France’s National Digital Council (le Conseil National du Numérique – CNN) has called for the outright abolition of the government’s proposed tax on online advertising. According to the Council, maintaining the tax would be in total contradiction to the findings of the recent G8 meeting.
Alluding to the so-called Google tax as “discriminatory”, the advisory body warned that foreign operators would not pay the levy, while companies established in France would be subject to the controversial tax. In addition, the body emphasized that large companies with foreign subsidiaries would merely circumvent the provision by purchasing advertising space destined for French Internet users from abroad.
Defending its decision, the Council made reference to the McKinsey report, which examined the impact of the Internet on the French economy, and highlighted the fact that the Internet contributed to 25% of gross domestic product (GDP) in France last year.
Underlining its role of advisory body and its overarching aim of supporting and promoting the digital economy, the National Digital Council then alluded to the conclusions arrived at during the G8 meeting, namely to recommendations that the use of the Internet by individuals, companies and administrations be both encouraged and developed.
Opponents of the tax have also warned that the levy will merely serve to adversely affect digital investments in France, notably those realized by small- and medium-sized companies (SMEs), who do not have the necessary resources to advertise using traditional media.
In the light of the G8 meeting and given the advisory body’s views, French Industry Minister Eric Besson, responsible for the digital economy, called for a deferral of the tax.
Indeed, Besson has received backing from Laure de La Raudière, the MP responsible for the digital economy within the majority Union for a Popular Movement Party (UMP). Laure de La Raudière has submitted an amendment seeking to abolish the levy, which is due to be examined within the framework of the country’s supplementary finance bill in June, arguing that the tax is counterproductive as it taxes the digital economy, which is in full development.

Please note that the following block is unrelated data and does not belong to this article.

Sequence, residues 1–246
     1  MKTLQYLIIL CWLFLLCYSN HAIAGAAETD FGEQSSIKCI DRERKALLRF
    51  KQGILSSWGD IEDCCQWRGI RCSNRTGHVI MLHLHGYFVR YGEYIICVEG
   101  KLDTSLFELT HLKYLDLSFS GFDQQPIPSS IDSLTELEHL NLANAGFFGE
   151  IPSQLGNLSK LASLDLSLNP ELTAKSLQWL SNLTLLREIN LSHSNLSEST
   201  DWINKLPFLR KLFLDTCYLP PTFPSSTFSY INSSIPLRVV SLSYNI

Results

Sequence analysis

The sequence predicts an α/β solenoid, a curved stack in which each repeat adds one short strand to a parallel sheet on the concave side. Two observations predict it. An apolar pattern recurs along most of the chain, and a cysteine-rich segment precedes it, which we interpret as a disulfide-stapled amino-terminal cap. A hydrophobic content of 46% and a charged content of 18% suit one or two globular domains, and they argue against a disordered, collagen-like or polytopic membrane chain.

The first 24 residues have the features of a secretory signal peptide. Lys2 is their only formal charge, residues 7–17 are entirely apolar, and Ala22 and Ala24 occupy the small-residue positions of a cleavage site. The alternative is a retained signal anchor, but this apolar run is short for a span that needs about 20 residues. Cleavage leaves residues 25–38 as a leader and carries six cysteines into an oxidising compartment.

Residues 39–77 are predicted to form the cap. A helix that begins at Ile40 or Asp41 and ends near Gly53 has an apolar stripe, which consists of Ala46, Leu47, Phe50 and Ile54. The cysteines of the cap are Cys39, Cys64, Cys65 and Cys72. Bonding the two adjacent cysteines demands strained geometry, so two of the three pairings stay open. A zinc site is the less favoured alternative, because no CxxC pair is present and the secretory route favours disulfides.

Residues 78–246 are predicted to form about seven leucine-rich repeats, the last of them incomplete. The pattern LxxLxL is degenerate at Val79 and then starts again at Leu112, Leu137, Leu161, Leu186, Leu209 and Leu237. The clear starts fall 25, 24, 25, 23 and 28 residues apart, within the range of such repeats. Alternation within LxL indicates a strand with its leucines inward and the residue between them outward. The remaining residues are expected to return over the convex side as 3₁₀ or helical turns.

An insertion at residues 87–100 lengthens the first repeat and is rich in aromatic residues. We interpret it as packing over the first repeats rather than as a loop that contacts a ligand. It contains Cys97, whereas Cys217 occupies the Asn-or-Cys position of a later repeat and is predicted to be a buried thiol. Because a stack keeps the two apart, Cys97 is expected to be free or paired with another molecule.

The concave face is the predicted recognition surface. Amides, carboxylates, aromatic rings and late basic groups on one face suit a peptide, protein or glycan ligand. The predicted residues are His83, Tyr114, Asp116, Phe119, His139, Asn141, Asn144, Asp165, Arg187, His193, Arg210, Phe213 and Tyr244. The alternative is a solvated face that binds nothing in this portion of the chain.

Following the launch of the country’s new National Digital Council at the beginning of May, French President Nicolas Sarkozy announced his intention to place the issue of ‘digital taxation’ (la fiscalité numérique), the taxation of major global Internet companies, firmly at the top of the political agenda.
Underlining the importance of once again raising the issue of digital taxation, President Sarkozy stressed that it is not right that Internet companies conduct business en masse in markets such as France, where all of the sector’s infrastructures are financed by the state, while arranging their corporate structures to maximize tax efficiency.
Sarkozy suggested that there is a middle ground to be found "between nothing and excess" whereby fleet-footed Internet firms with little or no physical presence in their major markets could be made to pay more tax without discouraging the creation of new e-commerce companies.
While acknowledging that the subject of digital taxation is an extremely difficult and highly sensitive one, requiring an international dimension, President Sarkozy emphasized that it should not be a taboo subject.
Despite the French President’s renewed commitment and drive for the introduction of a tax on Internet companies, the French government’s efforts last year to introduce a tax on online advertising, ended abruptly following fierce criticism from the country’s Internet stakeholders, who argued that the proposed levy failed to meet its intended aim. The plans were eventually suspended until July.
Established following the signing of an official decree, France’s new Internet advisory body, CNN, was set up in order to advise the government on matters relating to the digital economy and its development..
TAGS: individuals | tax | business | commerce | gross domestic product (GDP) | e-commerce | France
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